I recently watched the first episode of a programme on TV called The Chaser’s Road Trip and they showed us how different animals are clever compared to humans.
On the chaser’s road trip program, they visited a bonobo monkey called Kanzi and after doing some practical game tests, they discovered that Kanzi was more intelligent than humans. The games involved listening to words and selecting the correct image to go with them (lexigrams) and playing a basic video game of ping pong. There were 30 lexigrams for them to remember and Kanzi was able to match all of them with the correct word, unlike the humans.
This same Bonobo monkey has been taught how to talk by Doctor Sue. She estimates that Kanzi knows several thousands of English words and she can talk to him as she would do to a human and Kanzi understands her completely. Kanzi has around 400 lexigrams to use to communicate with his human friends throughout his day so not every single word in the English language is available to him. However, when Iowa was hit with a flood he was able to point to the lexigrams which represent big and water in order to communicate. I think this shows his ability to understand the English language above just memorising lexigrams.
Kanzi’s son is now being raised by Doctor Sue alongside Kanzi in the hope that the baby monkey will absorb more information as a child and will therefore be able to communicate more with humans compared to Kanzi. You can watch a video of Kanzi, his son and Doctor Sue here.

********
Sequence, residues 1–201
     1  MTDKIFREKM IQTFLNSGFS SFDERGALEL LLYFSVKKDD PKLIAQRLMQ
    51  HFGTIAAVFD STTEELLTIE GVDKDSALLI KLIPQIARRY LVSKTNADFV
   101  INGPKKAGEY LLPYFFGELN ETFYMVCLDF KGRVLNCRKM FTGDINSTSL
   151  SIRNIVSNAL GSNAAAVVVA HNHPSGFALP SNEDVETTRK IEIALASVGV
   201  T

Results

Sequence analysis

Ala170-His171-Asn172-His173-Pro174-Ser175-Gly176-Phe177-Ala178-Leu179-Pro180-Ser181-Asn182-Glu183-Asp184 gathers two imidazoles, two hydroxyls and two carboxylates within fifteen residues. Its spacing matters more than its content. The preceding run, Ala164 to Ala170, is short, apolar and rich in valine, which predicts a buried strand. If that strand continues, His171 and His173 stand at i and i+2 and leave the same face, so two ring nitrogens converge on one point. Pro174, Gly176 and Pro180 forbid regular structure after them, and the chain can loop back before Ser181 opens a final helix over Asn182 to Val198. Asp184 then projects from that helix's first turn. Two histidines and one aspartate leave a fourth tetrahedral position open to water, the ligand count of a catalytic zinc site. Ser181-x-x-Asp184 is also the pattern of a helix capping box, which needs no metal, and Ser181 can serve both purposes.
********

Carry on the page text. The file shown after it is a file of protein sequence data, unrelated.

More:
Also in the chaser’s road trip program, dolphins who were rescued from an oil spill have been looked after and their keepers discovered just how clever they are. The dolphins were able to follow instructions and use their echolocation senses to imitate each other, despite being blindfolded. You can watch the full episode here.
National Geographic also discovered the intelligence of dolphins, as Brian Skerry witnessed the dolphins playing a game using leaves in the ocean, he also studied how different feeding strategies are in different species of dolphins all around the world.
The most interesting discovery, in my opinion, was when Doctor Denise Herzing created a CHAT (cetacean hearing and telemetry) box which allowed her to receive and emit dolphin whistles in order to communicate with the dolphins. After several years of studying their communication, she was able to put together this CHAT box and figure out what the dolphins were saying based on their behaviours. She hopes that one day humans will be able to hold a two-way conversation with them. You can watch the full national geographic video here.
I believe that the intelligence of dolphins and many other animals has not yet been discovered. I personally witnessed just how playful dolphins are when I was volunteering in Tenerife on the boats out at sea. The photos below show the time when 2 dolphins were showing off their acrobatic moves – this really took me by surprise as I was not expecting them to jump this high and spin mid air!
Have you ever heard of the phrase “an elephant never forgets”? Well, this statement can be considered somewhat true, as it has been discovered that elephants are able to remember where to find watering holes used in droughts from over 30 years ago.
They have also shown clever behaviours such as eating medicinal plants to induce labour and have passed on this knowledge to their own children. As well as this, they apparently babysit calves for their other herd members which is usually an activity only seen in humans.
You can learn more about elephants in this video by the BBC, just click here.
Do you think there is more to be discovered? Do you think there is a possibility that an animal is more clever than a human and that they are just choosing not to communicate it to us or that they are using their intelligence in non-academic ways?
Thanks for reading!